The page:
This latter message of course not being popular or one which sits well with some of the larger ego’s involved in running said organisation (i.e. it couldn’t possibly be as simple as that, could it?….we’re on top of that sort of basic thing, aren’t we?…..N.B. if you value your job/promotion/raise, at this point you should know to be nodding in the correct way in unison at these, and other similar, often very rhetorical questions!).

Our own experiences in this department have too often left us with the old adages “never time to do it right, always time to do it twice” and “a definition of insanity is doing the same things again and expecting different outcomes” ringing loudly in our ears………..

So, let’s try and be brutally clear, for the avoidance of doubt, about our own considered view regarding this point.  Put simply, in most sizable organisational contexts, most of the time:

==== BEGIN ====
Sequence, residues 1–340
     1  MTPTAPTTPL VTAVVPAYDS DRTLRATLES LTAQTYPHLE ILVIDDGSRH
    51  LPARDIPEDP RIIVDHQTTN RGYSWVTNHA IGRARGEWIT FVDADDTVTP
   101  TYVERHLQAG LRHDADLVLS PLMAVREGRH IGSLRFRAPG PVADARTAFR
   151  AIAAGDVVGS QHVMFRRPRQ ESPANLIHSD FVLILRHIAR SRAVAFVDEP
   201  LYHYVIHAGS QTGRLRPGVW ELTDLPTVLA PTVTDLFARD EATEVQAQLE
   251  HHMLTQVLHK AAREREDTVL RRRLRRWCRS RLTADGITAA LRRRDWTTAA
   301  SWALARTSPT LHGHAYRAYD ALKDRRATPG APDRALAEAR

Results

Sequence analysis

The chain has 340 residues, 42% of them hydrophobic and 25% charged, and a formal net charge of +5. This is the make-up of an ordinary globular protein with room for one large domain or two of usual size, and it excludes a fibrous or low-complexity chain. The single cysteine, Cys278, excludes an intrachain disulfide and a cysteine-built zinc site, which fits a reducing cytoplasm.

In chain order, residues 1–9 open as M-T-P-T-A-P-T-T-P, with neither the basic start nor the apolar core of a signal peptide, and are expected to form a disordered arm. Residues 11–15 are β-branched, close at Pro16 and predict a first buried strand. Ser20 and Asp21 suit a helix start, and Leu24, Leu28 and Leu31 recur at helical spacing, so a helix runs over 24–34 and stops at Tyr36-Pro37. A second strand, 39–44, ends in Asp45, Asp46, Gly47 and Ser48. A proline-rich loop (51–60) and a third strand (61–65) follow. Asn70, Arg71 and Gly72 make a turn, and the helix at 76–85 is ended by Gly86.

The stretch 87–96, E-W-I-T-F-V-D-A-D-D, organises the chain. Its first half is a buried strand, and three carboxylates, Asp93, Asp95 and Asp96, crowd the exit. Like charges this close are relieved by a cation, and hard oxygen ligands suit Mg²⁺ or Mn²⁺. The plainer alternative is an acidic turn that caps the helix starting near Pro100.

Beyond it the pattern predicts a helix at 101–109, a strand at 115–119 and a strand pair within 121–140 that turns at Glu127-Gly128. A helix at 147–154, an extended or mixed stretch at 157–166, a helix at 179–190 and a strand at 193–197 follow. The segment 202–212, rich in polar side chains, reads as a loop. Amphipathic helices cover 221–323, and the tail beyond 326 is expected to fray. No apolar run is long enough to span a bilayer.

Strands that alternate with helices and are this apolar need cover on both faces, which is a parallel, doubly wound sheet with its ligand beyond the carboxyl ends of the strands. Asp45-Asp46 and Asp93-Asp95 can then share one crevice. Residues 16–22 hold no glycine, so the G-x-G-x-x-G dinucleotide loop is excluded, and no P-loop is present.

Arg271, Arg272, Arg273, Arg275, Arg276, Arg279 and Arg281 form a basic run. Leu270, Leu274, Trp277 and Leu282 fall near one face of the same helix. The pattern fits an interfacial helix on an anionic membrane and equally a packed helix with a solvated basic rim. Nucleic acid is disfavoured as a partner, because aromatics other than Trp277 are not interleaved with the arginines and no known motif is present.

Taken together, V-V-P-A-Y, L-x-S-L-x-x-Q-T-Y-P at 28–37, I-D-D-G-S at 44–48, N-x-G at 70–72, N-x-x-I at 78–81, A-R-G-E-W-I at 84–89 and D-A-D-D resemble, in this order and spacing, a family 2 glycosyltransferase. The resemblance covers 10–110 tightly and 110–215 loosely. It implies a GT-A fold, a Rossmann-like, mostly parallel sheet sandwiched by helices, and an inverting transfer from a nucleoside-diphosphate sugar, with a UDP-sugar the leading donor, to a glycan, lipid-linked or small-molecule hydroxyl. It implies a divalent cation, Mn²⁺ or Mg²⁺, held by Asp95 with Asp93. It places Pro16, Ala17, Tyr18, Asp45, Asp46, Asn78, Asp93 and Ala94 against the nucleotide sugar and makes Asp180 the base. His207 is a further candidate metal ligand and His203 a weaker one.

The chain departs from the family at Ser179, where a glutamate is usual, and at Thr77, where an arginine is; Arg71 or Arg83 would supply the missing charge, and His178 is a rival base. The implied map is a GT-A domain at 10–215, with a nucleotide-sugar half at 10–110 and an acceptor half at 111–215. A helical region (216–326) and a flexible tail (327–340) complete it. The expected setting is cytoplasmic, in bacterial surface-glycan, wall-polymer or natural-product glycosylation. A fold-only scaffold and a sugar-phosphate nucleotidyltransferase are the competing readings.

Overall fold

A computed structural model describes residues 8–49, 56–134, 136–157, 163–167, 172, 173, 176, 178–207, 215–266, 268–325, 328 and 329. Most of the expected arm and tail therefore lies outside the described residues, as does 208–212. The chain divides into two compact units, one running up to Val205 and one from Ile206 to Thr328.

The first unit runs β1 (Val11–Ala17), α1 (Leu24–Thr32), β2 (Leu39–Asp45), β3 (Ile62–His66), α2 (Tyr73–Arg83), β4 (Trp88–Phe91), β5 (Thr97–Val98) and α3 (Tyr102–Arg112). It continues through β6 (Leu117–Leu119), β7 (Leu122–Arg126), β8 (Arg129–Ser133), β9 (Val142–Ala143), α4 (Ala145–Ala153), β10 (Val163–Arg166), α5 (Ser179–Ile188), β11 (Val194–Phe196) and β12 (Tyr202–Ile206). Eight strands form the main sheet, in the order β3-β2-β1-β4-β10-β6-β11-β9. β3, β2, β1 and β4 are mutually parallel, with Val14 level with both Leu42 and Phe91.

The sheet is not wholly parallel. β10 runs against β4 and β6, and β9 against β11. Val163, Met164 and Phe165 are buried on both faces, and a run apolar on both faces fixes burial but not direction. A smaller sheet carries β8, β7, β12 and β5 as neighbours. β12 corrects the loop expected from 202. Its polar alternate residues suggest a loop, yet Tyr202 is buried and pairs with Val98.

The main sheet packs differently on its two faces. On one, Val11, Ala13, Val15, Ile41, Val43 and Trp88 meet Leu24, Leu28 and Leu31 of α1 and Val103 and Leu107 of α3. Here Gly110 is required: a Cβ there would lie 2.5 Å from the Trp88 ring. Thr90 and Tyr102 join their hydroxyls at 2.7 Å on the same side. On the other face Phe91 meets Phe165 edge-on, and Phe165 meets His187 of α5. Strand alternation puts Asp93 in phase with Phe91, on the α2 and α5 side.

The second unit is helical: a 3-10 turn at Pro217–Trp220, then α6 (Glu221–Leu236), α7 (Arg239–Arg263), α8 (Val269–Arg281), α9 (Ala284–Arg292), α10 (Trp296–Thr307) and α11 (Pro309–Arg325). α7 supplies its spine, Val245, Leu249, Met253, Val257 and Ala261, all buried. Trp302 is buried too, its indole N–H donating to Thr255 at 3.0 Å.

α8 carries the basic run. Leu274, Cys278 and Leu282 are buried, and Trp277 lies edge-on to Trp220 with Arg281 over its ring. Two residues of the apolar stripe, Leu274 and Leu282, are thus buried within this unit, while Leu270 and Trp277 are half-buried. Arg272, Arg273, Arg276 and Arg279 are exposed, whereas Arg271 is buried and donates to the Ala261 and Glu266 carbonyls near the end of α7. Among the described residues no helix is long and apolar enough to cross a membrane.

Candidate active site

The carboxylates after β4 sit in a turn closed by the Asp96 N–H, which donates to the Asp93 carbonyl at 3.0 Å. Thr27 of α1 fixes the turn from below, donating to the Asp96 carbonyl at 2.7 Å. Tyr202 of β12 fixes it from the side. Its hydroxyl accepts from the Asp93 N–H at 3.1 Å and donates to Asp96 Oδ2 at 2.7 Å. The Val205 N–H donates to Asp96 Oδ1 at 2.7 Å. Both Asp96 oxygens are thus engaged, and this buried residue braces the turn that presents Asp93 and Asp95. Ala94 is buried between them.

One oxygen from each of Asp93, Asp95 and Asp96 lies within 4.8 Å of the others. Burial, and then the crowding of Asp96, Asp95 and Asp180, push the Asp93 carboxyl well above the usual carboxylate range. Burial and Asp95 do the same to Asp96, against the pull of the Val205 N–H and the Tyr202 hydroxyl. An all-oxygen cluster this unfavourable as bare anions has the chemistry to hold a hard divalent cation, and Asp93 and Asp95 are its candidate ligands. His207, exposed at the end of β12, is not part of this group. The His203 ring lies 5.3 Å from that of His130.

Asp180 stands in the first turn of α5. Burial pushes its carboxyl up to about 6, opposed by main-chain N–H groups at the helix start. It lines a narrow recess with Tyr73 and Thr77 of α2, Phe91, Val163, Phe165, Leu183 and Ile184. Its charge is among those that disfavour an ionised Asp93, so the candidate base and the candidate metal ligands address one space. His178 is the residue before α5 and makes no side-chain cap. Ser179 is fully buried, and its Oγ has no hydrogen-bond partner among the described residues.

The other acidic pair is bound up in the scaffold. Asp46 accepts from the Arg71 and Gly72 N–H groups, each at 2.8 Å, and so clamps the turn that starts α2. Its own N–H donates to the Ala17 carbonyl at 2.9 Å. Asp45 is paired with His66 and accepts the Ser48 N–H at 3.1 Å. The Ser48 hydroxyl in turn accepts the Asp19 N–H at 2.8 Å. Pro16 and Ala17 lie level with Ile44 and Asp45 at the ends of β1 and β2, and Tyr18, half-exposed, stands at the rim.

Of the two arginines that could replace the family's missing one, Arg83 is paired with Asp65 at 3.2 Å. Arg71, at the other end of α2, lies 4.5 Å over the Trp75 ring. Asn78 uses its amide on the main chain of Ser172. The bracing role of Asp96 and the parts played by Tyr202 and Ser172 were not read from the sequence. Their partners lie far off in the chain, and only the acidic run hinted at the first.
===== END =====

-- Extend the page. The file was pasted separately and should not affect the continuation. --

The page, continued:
If you do not follow up the (necessary and important) vision and strategy statement with some sort of practical and more detailed translation layer mechanism, such as represented by a properly constructed business architecture (again, this need NOT be overly onerous or time consuming – just fit-for-purpose), then you are extremely likely to repeat the experiences we have just outlined above……end of, full stop, period!!

Sorry to be so abrupt, but we do feel strongly about this issue, and we wouldn’t want to pull our punches or be seen as wishy-washy on a matter where clarity is warranted and needed.

The key lesson we would like to leave you with is that history will and often does repeat itself if you don’t learn from it.

Let’s examine why this might be so for a moment…..might it be that a brief, and not too specific or quantifiable, vision and strategy statement often:

  • Gives only limited clues, in concrete terms, as to how radical the changes should, or would need to be, and what areas should be prioritised for action in which order?